This precious young girl, pregnant and living on the streets of Lima, was concerned about my comfort – when I had traveled thousands of miles, ignorantly thinking I was to be her comfort. She created for me an environment of safety, acceptance and ease, offering no apology for our surroundings, making visible her life and opening her heart. Unintentional as it may have been, she flawlessly fashioned a space for us to come together and share our lives.
Today, as I sit in the comfort of my home, I reflect on this selfless act of my friend in relation to my feeble attempts at hospitality. For many of us, our practice of hospitality consists of entertaining friends and family in our cozy homes, inviting those with whom we have a connection or those who are dear to us, offering them our best through our acts of service. Sometimes, however, this creates an illusion of peace and perfection, hiding the true chaos that is inherent in family life. How dramatically this safe concept of hospitality differs from the radically open hospitality of God.
The early church regarded hospitality as a means of providing for the physical, spiritual and social needs of strangers, aliens, the sick, the poor, the widowed and the orphaned. It was a response not only to their physical needs, but also, as Christine Pohl states in her book Making Room, a “recognition of their worth and common humanity.” Pohl further argues that hospitality was considered a “fundamental expression of the Gospel.” Not only is welcoming the sick and poor an act of love to the Son of Man Himself, but it is also a means by which we can see glimpses of the Kingdom and by which the promise of the Kingdom is embodied. Today, this understanding of hospitality has been lost. We now invite a limited number of people into our busy, unavailable, unapproachable and already exhausted lives.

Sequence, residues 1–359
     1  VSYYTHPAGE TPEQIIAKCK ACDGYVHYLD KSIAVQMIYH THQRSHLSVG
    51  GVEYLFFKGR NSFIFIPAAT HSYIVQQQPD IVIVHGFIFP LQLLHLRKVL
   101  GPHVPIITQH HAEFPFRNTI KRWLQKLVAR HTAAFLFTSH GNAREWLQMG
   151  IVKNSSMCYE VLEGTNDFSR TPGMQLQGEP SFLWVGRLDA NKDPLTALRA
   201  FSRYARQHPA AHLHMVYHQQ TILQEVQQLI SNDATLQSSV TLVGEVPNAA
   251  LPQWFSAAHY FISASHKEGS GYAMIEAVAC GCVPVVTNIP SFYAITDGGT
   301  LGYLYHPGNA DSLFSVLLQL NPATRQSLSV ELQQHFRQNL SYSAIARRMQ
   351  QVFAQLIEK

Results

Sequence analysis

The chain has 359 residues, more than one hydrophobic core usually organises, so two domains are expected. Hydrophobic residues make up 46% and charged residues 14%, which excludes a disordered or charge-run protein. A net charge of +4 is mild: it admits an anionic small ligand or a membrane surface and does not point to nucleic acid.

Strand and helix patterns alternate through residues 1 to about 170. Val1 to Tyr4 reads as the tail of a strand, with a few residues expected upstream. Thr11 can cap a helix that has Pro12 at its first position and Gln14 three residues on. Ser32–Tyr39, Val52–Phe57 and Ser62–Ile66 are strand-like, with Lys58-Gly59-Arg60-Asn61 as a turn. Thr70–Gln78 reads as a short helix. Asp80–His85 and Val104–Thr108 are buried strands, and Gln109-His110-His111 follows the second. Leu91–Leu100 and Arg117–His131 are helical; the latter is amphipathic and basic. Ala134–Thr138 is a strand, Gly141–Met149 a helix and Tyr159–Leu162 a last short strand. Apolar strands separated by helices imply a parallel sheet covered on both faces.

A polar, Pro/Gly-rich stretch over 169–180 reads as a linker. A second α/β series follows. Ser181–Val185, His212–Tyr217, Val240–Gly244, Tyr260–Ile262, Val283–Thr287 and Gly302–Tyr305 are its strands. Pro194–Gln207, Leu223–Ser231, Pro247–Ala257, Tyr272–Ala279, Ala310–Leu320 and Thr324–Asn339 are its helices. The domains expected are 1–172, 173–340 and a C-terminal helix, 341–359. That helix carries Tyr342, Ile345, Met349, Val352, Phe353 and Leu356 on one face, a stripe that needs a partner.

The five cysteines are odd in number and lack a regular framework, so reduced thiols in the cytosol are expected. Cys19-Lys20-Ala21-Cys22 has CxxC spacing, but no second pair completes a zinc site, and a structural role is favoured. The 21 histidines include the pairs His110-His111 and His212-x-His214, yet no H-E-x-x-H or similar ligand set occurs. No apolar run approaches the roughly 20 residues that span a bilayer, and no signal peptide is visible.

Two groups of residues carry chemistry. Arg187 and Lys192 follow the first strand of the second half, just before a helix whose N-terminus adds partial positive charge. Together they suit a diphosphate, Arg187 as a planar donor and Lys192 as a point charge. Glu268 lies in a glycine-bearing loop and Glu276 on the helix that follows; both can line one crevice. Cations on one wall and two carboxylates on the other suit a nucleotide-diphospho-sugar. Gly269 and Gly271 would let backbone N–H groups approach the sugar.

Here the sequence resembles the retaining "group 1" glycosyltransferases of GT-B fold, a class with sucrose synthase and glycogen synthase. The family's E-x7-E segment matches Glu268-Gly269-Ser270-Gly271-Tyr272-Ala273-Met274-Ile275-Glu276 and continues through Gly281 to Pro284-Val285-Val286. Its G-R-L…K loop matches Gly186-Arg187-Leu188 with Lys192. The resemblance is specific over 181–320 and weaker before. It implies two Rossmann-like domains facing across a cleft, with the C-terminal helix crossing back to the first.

So, how do I internalize and live out this unlikely lesson in hospitality, taught to me by my sweet friend, Tatiana? How can I help regain this spiritual practice?